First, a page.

In recent years, an innovative program known as the School for Justice has been empowering young women who have survived sexual slavery in India and beyond. The initiative, developed by the Dutch group Free a Girl, helps survivors pursue a degree in law, social work, or journalism with the goal of bringing the perpetrators of human trafficking to justice. The program was established in India in 2017 and has since expanded to Nepal and Brazil.
Riya Parvin, a law student from West Bengal, India, is one such student who was sold into sexual slavery at the age of 17. After being held against her will for 15 days, she was able to escape with the help of a Bengali man. Unlike many trafficking victims, Parvin has not been defined by stigma, ostracization, and discrimination. Instead, she is pursuing a law degree to defend other trafficking victims.
“I have learned a lot and I want to work to get justice for girls like me,” says Parvin.
By helping young women attain degrees and jobs through which they can defend other trafficking victims, School for Justice helps break the cycle of exploitation. The program collaborates with local NGOs to identify trafficking survivors and assists them in obtaining admission to universities to pursue degrees. The girls receive an array of support and, after completion of their studies, the program assists them in obtaining internships and jobs at law firms.
According to the International Labor Organization, in 2021, there were 49.6 million individuals in modern slavery, of whom 27.6 million were engaged in forced labor and 22 million in forced marriage. More than half of these individuals were from the Asia and Pacific regions. The Sustainable Development Goals (SDGs), set forth by the United Nations, aim to eliminate such forms of exploitation and to promote sustainability. In particular, SDG 8 seeks to promote sustained, inclusive, and sustainable economic growth, full and productive employment, and decent work for all.
School for Justice helps to achieve this goal by providing survivors of sexual slavery with the tools they need to fight against the perpetrators of human trafficking. The program also runs trainings and workshops on children’s rights, human trafficking, and cyber laws. Several of the School for Justice’s graduates are practicing in Sealdah court in West Bengal, India, helping to bring justice to those who have been victimized.
Sumi Sarkar is a product of such circumstances. At the age of 18, Sarkar entered the sex trade due to the lure of having money for decent meals. Within a year, she had been trafficked to a remote resort in Southern Bengal. She was later rescued by Vihaan, an anti-trafficking NGO, and the police in Kolkata. After escaping from slavery, Sarkar fell into depression and was plagued with guilt for being so naive. However, Vihaan introduced her to the School for Justice, which helped her pursue a career in social work where she could assist young women forced into the sex trade.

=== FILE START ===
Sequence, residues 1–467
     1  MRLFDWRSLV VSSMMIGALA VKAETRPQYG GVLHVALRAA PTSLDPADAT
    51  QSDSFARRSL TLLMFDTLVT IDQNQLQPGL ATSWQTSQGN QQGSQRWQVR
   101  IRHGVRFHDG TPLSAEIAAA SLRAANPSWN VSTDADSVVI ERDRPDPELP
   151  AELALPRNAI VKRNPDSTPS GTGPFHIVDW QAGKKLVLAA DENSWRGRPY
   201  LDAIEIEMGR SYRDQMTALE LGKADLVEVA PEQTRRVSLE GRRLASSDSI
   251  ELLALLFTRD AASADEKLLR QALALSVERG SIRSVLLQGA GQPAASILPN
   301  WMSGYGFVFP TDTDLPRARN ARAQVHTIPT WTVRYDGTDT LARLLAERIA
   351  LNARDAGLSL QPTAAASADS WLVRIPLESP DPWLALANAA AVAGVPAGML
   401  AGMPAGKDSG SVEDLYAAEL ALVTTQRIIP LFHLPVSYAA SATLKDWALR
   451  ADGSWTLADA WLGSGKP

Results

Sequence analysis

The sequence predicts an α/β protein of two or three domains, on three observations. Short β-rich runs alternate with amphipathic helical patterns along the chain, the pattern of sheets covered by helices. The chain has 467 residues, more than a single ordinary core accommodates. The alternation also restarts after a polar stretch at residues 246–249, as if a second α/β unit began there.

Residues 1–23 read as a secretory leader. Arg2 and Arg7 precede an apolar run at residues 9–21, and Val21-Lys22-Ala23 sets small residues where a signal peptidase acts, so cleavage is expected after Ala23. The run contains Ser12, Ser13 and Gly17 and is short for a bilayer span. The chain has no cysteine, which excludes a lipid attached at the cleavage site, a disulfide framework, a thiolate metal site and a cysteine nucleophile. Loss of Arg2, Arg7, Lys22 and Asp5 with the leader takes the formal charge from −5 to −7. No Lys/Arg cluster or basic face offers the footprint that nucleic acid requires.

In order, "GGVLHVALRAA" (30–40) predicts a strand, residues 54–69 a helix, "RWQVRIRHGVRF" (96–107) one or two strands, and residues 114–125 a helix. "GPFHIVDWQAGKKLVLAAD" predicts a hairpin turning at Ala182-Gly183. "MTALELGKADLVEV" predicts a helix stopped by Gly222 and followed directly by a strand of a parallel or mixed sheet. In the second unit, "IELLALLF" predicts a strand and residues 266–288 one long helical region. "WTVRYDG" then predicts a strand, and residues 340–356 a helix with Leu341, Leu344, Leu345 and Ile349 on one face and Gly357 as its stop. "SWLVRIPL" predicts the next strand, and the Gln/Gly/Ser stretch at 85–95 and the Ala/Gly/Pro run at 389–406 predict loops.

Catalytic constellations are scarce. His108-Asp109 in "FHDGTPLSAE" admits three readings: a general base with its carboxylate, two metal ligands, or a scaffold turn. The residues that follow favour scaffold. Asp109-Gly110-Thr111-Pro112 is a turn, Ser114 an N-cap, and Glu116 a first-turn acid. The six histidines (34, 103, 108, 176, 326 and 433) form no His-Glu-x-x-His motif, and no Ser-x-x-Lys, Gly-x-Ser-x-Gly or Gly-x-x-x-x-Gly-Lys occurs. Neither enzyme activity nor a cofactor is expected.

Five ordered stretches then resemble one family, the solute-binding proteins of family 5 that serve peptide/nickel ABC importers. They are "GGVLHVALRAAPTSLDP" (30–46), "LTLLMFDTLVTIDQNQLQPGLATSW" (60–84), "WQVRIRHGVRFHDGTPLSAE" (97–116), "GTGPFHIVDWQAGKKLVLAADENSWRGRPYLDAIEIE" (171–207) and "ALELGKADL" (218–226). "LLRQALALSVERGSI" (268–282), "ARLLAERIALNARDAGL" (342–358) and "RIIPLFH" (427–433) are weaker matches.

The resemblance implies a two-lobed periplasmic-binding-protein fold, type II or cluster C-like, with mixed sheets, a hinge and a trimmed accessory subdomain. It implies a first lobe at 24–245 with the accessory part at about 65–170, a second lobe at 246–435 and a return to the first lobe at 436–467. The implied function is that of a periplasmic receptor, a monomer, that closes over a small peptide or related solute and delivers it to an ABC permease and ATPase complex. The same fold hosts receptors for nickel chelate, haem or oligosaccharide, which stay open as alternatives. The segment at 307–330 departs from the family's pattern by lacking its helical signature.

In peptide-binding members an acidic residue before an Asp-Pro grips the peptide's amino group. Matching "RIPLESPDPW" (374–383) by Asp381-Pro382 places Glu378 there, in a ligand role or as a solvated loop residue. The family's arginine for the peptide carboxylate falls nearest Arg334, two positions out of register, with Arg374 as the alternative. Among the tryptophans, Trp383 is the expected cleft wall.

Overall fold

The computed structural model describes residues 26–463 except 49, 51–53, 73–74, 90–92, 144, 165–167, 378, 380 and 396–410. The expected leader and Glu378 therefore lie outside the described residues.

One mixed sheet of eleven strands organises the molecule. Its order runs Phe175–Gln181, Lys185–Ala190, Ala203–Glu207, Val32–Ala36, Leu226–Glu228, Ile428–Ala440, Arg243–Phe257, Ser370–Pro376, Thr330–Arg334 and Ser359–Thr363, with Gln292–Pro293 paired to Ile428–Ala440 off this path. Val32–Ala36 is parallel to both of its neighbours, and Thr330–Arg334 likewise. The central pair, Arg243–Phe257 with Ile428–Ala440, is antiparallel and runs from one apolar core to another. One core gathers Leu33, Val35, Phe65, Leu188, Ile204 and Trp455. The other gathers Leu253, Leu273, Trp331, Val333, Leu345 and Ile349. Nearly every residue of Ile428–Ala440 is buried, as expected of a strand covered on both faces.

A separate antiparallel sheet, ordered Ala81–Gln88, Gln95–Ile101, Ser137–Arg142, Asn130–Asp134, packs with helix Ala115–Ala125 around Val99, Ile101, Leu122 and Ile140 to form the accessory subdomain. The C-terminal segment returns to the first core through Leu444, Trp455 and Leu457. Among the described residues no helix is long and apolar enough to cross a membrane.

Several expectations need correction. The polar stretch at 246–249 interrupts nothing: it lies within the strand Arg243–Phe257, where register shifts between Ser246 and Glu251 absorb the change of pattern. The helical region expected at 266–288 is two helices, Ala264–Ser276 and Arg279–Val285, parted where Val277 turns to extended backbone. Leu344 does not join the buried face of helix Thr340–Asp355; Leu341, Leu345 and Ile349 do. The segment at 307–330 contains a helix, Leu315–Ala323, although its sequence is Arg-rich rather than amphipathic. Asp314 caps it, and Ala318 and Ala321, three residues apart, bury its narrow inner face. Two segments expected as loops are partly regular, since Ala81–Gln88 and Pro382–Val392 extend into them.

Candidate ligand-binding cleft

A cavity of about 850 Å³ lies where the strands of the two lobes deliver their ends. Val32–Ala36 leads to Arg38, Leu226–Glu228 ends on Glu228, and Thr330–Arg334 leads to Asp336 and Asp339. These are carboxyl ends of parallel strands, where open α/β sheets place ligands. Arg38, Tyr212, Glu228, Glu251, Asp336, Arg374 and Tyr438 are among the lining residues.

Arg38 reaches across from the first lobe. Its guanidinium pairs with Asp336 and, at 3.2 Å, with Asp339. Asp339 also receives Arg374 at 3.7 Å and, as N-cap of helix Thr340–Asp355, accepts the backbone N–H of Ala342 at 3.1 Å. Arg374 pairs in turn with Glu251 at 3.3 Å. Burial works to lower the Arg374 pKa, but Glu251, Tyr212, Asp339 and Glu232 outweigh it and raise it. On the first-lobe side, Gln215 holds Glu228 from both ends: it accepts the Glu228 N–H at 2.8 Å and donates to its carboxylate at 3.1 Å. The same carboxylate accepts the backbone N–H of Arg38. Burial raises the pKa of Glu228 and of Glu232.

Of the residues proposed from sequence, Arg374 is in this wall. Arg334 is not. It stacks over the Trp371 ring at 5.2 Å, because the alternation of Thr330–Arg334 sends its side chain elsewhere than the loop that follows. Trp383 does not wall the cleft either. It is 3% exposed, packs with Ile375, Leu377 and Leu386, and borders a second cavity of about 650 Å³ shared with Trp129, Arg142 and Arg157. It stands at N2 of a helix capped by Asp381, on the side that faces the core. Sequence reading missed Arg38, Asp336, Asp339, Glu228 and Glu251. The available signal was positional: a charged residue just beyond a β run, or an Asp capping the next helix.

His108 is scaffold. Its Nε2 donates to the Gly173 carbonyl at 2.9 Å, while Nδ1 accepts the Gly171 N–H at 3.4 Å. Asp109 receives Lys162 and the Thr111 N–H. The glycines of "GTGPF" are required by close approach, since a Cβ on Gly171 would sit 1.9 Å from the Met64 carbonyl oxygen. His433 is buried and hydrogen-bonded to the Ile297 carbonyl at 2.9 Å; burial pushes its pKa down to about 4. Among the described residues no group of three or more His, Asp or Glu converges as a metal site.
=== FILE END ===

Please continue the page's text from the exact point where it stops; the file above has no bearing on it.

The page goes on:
Today, Sarkar is pursuing a bachelor of social work degree at a reputed college in Kolkata as part of the School for Justice program. As part of her coursework, she has completed internships at NGOs like Women Interlink Foundation, World Vision, and Gana Unnayan Parshad, a women’s empowerment group. Whenever needed, she offers assistance to other School for Justice participants. The support from the program has helped her to continue her studies, forget her past, and face the future bravely. “I conducted many awareness sessions with young boys and girls, and I want to become an agent of change and support victims like me to fight against injustice confidently without being naïve,” she says.
The School for Justice program's success in empowering young women who were victims of human trafficking to become advocates for others is a positive step towards achieving the vision of a global society that prioritizes sustainability and the Sustainable Development Goals (SDGs). By providing education, training, and job opportunities to these young women, the program not only helps to prevent human trafficking but also promotes gender equality, access to education, and decent work and economic growth, among other SDGs. Ultimately, the program's impact goes beyond individual empowerment and contributes to building a more just and sustainable world for everyone.